“Cruz leaves behind a malaria patient who remains hospitalized” | Daily List

In addition to controlling malaria, the Dominican Republic provides free malaria testing, vaccines and treatment, said Dr. Ronald Scaves, director of epidemiology at the Ministry of Public Health.

This follows a recent case of a U.S. tourist who arrived in the country on a cruise ship due to health complications that resulted in him being admitted to intensive care.

According to the epidemiological bulletin issued by the agency, from January to the second week of July 2022, 330 cases have been detected, including several cases imported from Africa. Last year there were 190 cases, and as of epidemiological week 27, there were 140 cases and no deaths.

Dr Skywess said they found no other cases on the voyage, explaining that there was always one or two people arriving from Africa who tested positive for breast cancer, a vector-borne disease.

“There are no deaths, and we always detect and treat in time. We have medicines from all over the country, even from Africa.” Antimalarial drugs, rapid testing, and thick blood smears have confirmed its existence

“Other than the fact that the country is on the verge of declaring malaria elimination within a few years, there are no issues.”

He explained that one or two cases are detected every year among tourists or people who have traveled to Africa or other continents. He cites the example of a Japanese journalist in Africa who tested positive for malaria when he arrived.

He stressed that these people would be treated immediately because “this is a commitment that we, as a country with malaria cases, share with the rest of the world.”

Local foci were found in San Juan de la Maguana and Azua.

“Regarding malaria, eight cases were confirmed this week (SE-28) in San Juan and Azua outbreaks, four males and four females. The cumulative number of cases as of EW 28 is 140”, Epidemic 28 The medical report shows.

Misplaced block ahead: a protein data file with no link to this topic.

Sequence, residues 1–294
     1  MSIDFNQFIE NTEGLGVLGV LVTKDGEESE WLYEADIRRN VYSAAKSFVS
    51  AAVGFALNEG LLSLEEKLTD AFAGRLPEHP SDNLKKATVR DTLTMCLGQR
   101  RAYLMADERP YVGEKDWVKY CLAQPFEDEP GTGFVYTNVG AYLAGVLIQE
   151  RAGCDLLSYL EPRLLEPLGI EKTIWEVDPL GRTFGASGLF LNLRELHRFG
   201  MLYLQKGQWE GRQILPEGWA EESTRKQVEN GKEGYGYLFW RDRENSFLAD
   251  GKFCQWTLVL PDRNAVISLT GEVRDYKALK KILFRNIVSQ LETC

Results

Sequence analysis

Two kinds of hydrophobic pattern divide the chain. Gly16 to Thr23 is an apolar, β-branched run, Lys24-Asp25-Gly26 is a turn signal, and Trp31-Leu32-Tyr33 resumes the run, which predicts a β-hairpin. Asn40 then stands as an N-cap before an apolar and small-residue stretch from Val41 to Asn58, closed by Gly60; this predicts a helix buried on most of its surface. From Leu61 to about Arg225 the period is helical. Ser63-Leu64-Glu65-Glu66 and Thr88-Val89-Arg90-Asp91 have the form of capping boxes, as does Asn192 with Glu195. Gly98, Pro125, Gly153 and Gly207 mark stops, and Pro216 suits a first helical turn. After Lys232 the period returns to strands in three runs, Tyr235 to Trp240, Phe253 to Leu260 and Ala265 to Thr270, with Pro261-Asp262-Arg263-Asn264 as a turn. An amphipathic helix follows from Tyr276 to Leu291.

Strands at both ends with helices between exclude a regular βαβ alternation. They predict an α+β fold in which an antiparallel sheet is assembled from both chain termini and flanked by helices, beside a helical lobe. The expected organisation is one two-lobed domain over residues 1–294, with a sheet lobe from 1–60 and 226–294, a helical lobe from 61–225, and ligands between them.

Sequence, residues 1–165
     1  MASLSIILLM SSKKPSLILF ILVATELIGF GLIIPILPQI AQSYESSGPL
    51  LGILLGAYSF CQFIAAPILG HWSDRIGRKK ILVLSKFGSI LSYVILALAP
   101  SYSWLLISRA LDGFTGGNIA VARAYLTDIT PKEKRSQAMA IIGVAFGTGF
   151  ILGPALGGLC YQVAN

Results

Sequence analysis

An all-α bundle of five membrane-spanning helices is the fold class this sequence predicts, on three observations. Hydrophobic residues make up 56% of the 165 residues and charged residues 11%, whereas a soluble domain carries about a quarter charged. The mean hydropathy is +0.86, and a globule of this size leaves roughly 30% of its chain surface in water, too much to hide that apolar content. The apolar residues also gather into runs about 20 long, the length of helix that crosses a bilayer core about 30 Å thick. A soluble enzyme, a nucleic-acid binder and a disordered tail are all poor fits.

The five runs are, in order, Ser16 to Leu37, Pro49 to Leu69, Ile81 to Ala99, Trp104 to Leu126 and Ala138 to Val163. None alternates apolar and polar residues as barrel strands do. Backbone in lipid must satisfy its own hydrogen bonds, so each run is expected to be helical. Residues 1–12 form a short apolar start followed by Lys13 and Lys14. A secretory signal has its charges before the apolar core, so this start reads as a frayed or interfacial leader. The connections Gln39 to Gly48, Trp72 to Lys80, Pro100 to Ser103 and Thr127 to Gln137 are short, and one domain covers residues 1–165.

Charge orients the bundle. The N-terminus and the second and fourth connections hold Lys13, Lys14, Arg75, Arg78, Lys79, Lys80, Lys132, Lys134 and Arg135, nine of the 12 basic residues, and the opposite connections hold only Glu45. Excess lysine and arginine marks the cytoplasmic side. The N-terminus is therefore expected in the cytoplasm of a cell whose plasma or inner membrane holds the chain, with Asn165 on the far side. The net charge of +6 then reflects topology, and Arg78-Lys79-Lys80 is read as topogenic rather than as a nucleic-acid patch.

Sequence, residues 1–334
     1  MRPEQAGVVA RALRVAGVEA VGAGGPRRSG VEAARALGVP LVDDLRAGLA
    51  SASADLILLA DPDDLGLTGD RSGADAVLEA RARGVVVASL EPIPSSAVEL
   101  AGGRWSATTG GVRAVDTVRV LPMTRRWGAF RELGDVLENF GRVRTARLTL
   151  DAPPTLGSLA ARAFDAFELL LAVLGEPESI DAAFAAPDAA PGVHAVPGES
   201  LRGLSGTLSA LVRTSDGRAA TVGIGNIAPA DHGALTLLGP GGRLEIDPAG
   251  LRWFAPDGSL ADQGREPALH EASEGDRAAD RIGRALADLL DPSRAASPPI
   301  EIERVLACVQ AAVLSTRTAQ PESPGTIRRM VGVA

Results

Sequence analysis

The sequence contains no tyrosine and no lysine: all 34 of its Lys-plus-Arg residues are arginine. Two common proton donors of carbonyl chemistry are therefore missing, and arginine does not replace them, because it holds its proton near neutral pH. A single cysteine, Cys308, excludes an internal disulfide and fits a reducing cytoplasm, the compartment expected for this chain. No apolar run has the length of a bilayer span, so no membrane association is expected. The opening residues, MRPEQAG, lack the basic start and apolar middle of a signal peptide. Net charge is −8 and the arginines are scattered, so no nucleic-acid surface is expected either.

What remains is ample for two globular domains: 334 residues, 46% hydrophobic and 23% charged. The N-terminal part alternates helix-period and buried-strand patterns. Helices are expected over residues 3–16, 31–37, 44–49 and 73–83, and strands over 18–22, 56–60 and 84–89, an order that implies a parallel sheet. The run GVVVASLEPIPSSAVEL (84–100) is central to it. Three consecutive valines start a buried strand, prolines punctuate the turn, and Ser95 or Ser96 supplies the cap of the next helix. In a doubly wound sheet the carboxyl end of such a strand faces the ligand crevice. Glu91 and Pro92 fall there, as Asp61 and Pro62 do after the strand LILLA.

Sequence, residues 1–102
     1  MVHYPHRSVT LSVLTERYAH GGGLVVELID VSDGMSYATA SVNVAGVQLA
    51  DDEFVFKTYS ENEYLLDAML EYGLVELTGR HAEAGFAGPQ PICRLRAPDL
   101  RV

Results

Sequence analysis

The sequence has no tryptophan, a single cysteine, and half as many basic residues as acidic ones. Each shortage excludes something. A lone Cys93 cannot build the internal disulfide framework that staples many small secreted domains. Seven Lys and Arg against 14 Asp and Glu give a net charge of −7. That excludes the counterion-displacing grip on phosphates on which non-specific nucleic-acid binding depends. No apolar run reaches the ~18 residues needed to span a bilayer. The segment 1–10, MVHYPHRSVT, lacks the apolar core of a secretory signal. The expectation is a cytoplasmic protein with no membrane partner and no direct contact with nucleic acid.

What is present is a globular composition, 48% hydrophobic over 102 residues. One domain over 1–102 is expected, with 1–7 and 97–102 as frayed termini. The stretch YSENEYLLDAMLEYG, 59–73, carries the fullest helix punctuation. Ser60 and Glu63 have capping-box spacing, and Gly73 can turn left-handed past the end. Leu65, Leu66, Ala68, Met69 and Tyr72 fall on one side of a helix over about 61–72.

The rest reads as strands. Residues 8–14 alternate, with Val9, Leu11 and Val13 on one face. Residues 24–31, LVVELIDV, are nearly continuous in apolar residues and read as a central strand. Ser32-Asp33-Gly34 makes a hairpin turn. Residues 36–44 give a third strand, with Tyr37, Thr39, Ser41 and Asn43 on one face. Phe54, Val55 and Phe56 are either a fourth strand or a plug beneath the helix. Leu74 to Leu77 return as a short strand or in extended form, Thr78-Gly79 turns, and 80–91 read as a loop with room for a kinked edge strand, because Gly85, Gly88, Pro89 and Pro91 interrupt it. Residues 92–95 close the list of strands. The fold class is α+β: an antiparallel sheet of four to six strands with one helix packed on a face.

The Ministry of Public Health continues to actively conduct community-based febrile case hunting, treatment and investigation of identified cases, taking into account the risk level of each reported case.

Late Thursday, the Department of Public Health reported a case of imported malaria in a 52-year-old US citizen.

The note stated that the patient was sent to a health center in La Romana on August 1 after entering the country, and was diagnosed with pneumonia and a cerebrovascular accident.

The health authorities explained that, based on the medical history, the patient was transferred by ambulance from a cruise ship arriving at the port of La Romana when he was admitted (11:28 am, 1 August). When he was evaluated that day, he was conscious and oriented, with a history of fever, dyspnea and convulsions while on board.

He added that on the evening of the admission, the health center notified the La Romana Health Department that the case was suspected of malaria and that a diagnostic test was performed on it, which came back positive.

A relative said that the patient had been to Benin, West Africa, from June 24 to July 18. After returning to the United States, he boarded a cruise ship on July 27 and initially developed fever symptoms.

According to the epidemiological report, as of now, there have been no suspected cases.

The U.S. Embassy and the company operating the ship have been informed of the case, as required by the International Health Regulations.

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